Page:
Module title: Conservation Biology

SCQF level: 09:
SCQF credit value: 20.00
ECTS credit value: 10

Module code: ENV09109
Module leader: Jennifer Dodd
School School of Applied Sciences
Subject area group: Animal and Plant Science


Description of module content:

Conservation biology has been called a “crisis discipline” to reflect the fact that it is a branch of biology that has developed to address the global loss of biodiversity related to human impacts such as habitat loss/fragmentation, over-exploitation, invasive species and climate change. A firm foundation in this discipline will be essential for graduates in both Animal & Conservation Biology and Marine & Freshwater Biology in the coming decades. In the first half of the module, all students will learn some fundamentals of conservation biology: why biodiversity is important for humans; the threats to biodiversity; the need for evidence-based conservation practice; adaptive management principals; principals of protected area networks; ecological restoration etc.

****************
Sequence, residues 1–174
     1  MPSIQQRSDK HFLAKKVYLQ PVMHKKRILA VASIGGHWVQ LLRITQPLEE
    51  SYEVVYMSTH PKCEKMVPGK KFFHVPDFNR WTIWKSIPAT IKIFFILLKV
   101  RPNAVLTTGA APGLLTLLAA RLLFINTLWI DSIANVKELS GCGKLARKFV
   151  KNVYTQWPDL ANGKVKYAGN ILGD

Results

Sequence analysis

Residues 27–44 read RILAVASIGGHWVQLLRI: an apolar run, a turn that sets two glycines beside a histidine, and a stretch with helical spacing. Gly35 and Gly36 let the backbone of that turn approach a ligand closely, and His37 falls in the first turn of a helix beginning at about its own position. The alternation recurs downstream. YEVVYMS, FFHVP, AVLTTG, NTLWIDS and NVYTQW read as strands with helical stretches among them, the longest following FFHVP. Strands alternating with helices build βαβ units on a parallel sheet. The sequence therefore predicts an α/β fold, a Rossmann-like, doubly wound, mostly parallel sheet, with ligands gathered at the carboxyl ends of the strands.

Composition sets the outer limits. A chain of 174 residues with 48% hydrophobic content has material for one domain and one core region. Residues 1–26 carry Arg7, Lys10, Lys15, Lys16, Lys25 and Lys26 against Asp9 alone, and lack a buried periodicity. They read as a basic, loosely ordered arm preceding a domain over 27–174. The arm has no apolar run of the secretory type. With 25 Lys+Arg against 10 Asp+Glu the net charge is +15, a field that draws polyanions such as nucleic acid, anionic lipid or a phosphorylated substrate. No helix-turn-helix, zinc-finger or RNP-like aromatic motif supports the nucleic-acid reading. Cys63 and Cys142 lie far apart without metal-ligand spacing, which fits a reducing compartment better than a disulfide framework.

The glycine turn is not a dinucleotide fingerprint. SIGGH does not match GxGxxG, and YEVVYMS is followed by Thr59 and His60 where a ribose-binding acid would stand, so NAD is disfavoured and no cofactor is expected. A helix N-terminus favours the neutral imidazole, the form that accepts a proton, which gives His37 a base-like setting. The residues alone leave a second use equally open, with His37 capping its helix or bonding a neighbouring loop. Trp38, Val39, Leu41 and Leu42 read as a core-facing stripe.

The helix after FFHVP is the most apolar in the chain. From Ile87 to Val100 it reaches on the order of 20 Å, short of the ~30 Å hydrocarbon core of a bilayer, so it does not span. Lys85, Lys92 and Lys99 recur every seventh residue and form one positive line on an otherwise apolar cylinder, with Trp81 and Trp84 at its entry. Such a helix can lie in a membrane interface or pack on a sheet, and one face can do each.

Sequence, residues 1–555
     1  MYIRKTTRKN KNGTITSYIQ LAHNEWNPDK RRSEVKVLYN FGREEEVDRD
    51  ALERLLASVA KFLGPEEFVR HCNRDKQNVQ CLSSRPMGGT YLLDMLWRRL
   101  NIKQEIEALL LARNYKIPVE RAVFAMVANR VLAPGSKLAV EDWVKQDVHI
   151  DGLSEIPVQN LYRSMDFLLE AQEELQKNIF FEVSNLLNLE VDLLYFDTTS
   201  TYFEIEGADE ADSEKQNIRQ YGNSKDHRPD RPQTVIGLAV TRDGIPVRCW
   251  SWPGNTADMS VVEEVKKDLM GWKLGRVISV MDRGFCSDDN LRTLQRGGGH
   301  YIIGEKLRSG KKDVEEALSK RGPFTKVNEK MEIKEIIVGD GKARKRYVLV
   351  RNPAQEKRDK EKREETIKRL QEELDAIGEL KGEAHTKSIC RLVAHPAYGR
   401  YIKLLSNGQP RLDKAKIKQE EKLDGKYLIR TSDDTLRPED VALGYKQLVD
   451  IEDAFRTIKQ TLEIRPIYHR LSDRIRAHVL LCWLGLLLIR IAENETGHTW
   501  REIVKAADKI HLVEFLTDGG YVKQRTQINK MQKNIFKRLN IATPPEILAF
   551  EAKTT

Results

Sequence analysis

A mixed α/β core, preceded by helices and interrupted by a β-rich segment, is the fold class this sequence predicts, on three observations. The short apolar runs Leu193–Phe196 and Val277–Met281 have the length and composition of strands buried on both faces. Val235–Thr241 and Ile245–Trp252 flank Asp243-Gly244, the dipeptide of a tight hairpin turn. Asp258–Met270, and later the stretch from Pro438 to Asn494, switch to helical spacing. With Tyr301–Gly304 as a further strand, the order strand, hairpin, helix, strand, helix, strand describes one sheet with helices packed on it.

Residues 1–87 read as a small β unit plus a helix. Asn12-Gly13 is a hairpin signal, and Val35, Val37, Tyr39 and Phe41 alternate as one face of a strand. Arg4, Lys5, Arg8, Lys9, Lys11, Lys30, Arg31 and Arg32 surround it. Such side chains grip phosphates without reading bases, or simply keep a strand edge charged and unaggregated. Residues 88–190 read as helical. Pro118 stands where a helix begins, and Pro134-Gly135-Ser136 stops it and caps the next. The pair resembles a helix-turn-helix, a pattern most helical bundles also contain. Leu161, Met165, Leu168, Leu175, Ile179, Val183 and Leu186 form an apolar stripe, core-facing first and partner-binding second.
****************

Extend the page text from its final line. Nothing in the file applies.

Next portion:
In the second half of the module, students of Animal & Conservation Biology (ACB) and Marine & Freshwater Biology (MFB) will explore these topics in more depth using case-studies that apply to their own areas: ACB students will study evidence-based conservation with special reference to terrestrial systems and the conservation of birds, considered an important indicator taxa of ecosystem health; similarly, MFB students will do so with special reference to marine systems and the conservation of whales.

Learning Outcomes for module:

LO1: Evaluate the importance of biodiversity to ecosystems and describe the main threats facing biodiversity.
LO2: Identify the ecological principles that underlie the both the design and prioritisation of protected area networks.
LO3: Demonstrate the requirement for evidence-based and multidisciplinary solutions to conservation of biodiversity.
LO4: Provide specific examples of evidence-based conservation actions in either marine or terrestrial systems.

Indicative References and Reading List - URL:

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